Did you know that the number one cause of aging skin is sun damage? Those fine lines, wrinkles, uneven skin color, brown spots and broken blood vessels are all due to exposure to the sun’s ultraviolet rays. Unfortunately, precancerous areas called actinic keratoses appear on sun-damaged skin, and eventually lead to skin cancers. Thankfully, most cases of skin cancer are preventable, and nature offers options for improving the appearance of sun-damaged skin. Continue reading “Summer Skin Care”
The Environmental Working Group has rounded up their 2019 Guide to Sunscreens. This list provides the best choices for safe and effective sunscreens. EWG rates thousands of sunscreens from 0 to 10. This is known as the ingredient hazard score and reflects known and suspected hazards of ingredients. The safest products are rated 0 to 2 (green). Products that are rated 3 to 6 (yellow) have moderate hazards to health, and from 7 to 10 (red) are considered high hazards to health.
This guide comes at around the same time that a study published in JAMA found that certain chemicals in most sunscreen products pose cancer risks. The study took blood test samples from participants after using sunscreens for 4 days. Continue reading “EWG Releases 2019 Guide to Sunscreens”
May is Skin Cancer Awareness Month. Skin cancer is the most common cancer in the United States and although many of us know the dangers of the sun, many people still continue to ignore the potentially damaging effects of the sun on our health. The good news is that skin cancer is one on of the most preventable and treatable of cancers. About 90% of non-melanoma skin cancers and 85% of melanoma cases are associated with exposure to ultraviolet radiation from the sun. By raising awareness of the dangers of unprotected exposure and encouraging sun-safe habits, we can change behaviors and save lives.
Here are some statistics from Skin Cancer Foundation. Continue reading “Protect Your Skin”
Despite what we know about being safe in the sun, skin cancer is the most common form of cancer in the U.S., according to the Centers for Disease Control. And the incidence rate of melanoma, the most deadly form of skin cancer, is increasing every year.
Here are 5 sun safety tips to protect you and your family against the sun’s harmful effects.
1. Keep it to SPF 30: SPF (sun protection factor) ratings are a measure of sunscreen’s ability to block UVB ratings (known for causing the most damage). Did you know that a higher SPF than 30 does little if anything to block any more UVB rays than SPF 30? The Environmental Working Group (EWG) actually warns against using higher than SPF 30 because it can give people false confidence on the effectiveness of the product, leading them to believe that they are better protected and can stay out longer without further application. In the end, this increases their exposure to damaging UV rays. Generously apply natural sunscreen products that protect from UVA and UVB rays with an SPF 30 rating. Reapply often and especially after being in water. Continue reading “5 Tips for Sun Safety”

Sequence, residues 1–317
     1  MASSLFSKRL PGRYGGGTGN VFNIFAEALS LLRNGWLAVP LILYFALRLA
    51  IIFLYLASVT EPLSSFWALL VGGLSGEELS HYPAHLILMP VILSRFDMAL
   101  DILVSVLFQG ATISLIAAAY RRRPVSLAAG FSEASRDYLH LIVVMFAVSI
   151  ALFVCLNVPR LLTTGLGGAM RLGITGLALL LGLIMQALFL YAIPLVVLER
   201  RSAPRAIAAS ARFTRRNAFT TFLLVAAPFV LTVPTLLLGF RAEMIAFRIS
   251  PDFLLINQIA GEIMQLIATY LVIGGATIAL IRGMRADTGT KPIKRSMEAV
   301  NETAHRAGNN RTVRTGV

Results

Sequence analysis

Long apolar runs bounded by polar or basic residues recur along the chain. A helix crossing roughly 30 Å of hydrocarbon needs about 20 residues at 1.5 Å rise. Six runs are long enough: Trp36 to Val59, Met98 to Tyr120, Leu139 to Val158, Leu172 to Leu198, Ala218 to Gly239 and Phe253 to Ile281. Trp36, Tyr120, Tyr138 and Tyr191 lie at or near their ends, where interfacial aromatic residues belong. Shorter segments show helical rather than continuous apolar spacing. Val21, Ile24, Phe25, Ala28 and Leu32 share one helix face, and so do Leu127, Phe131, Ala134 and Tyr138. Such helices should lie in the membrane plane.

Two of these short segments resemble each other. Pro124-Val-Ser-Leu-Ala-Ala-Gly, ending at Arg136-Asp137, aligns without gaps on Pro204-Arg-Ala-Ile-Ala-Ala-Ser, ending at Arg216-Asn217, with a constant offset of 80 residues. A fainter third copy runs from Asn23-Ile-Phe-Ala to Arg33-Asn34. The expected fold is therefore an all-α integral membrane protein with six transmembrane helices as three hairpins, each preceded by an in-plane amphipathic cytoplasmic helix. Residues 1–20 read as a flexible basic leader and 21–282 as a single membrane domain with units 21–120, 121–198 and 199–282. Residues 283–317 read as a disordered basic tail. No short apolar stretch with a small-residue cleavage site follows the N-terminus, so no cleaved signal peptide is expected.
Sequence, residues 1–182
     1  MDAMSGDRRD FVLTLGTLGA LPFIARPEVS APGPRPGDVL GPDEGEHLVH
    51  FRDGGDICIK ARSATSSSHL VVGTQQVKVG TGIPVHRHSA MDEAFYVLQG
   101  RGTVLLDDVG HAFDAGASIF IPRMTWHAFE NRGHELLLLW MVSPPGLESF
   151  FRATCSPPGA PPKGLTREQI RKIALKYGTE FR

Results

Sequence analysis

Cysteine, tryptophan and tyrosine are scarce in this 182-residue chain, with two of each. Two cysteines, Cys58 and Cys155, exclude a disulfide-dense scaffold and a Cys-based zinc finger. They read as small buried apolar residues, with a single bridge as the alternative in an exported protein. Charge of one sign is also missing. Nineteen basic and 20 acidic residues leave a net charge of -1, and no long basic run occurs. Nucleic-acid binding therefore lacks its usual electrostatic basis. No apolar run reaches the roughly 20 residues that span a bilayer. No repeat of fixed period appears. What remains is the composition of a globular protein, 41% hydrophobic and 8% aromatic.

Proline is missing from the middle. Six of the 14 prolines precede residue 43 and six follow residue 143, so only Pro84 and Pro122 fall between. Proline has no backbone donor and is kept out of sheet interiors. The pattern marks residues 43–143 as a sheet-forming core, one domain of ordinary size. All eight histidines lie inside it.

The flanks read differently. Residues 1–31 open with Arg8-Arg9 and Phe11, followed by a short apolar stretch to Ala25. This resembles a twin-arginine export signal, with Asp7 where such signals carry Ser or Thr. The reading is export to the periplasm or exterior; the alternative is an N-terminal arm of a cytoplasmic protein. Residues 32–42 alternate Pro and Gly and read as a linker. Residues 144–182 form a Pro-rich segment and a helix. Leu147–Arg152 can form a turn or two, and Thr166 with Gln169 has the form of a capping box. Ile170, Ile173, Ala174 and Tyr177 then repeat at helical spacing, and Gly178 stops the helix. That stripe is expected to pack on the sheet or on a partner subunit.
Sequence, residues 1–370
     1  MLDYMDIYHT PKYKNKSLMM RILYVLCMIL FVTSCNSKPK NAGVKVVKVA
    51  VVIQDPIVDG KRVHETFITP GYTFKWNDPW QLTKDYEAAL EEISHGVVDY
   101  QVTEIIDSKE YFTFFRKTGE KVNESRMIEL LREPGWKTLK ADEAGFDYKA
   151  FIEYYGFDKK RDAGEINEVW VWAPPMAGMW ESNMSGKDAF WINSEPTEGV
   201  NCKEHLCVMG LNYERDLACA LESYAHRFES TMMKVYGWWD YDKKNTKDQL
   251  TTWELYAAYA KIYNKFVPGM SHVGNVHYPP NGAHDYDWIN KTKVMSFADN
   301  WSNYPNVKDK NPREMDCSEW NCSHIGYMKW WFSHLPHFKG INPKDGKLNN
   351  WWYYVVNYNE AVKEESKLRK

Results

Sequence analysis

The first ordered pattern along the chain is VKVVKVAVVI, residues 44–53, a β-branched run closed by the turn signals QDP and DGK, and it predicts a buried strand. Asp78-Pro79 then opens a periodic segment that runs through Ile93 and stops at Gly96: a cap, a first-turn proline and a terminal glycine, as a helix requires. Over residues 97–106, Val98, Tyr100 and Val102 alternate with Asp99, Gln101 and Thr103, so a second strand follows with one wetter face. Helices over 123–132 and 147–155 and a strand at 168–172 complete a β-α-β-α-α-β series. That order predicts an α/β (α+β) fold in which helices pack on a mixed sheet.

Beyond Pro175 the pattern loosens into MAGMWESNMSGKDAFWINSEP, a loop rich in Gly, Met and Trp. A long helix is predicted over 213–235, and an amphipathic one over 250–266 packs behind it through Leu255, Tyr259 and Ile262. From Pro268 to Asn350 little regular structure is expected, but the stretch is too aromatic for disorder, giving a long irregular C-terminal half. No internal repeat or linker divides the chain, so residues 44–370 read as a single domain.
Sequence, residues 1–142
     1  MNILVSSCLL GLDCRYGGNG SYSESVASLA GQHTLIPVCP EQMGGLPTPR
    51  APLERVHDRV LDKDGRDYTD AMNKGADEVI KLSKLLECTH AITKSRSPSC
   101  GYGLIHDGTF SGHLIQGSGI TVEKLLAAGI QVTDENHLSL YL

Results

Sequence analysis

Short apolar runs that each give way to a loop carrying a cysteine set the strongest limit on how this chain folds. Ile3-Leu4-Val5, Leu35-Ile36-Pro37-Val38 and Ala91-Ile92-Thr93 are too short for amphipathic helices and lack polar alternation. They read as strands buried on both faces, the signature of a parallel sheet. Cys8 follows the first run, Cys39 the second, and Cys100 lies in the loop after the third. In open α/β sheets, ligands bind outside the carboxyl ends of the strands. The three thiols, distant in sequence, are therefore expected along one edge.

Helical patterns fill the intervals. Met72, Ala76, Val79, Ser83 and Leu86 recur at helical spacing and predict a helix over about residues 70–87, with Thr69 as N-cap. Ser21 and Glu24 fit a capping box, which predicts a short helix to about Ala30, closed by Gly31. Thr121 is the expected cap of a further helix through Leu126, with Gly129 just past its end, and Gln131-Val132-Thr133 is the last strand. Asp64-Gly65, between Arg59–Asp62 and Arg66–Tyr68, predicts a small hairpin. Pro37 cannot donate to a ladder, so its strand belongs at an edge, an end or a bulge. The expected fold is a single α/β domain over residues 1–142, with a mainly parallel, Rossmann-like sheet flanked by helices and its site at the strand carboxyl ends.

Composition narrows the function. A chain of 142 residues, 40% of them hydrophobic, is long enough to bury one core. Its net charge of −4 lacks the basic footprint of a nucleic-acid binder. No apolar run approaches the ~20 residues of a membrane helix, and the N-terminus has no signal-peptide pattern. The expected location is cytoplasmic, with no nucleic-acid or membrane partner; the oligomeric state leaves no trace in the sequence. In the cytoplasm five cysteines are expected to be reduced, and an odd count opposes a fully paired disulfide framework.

Foods containing omega-3 fatty acids may help in the prevention of both early and late stage oral and skin cancers, according to a study published in the journal Carcinogenesis.
The focus was mainly on a type of cancer called squamous-cell carcinoma. This is one of the major forms of skin cancer affecting the outer layers of the skin (mainly made up of squamous cells). The researchers point out that squamous-cell carcinoma can also occur in the lining of the digestive tract, lungs and other areas of the body.
The research was carried out in vitro meaning, they grew cell cultures in a lab. They used cell cutlures from several different cell lines inlcuding both malignant oral and skin cancers, alongside pre-malignant cells and normal skin and oral cells. When the researchers carried out these in vitro tests by adding fatty acids into the cell cultures, results showed that omega-3 fatty acids induced cell death in malignant and pre-malignant cells and the doses that did not affect normal cells.
Professor Kenneth Parkinson, head of the oral cancer research group says:
“We found that the omega-3 fatty acid selectively inhibited the growth of the malignant and pre-malignant cells at doses which did not affect the normal cells.”
This is very promising for the prevention and possible treatment of oral and skin cancers.
Since omega-3s cannot be made in the quantities that our bodies require, it is essential to get them from diet. Foods like salmon, flax seeds, sardines and walnuts should be part of your diet. If they aren’t consider taking a good quality supplement like Pathway Super Omega.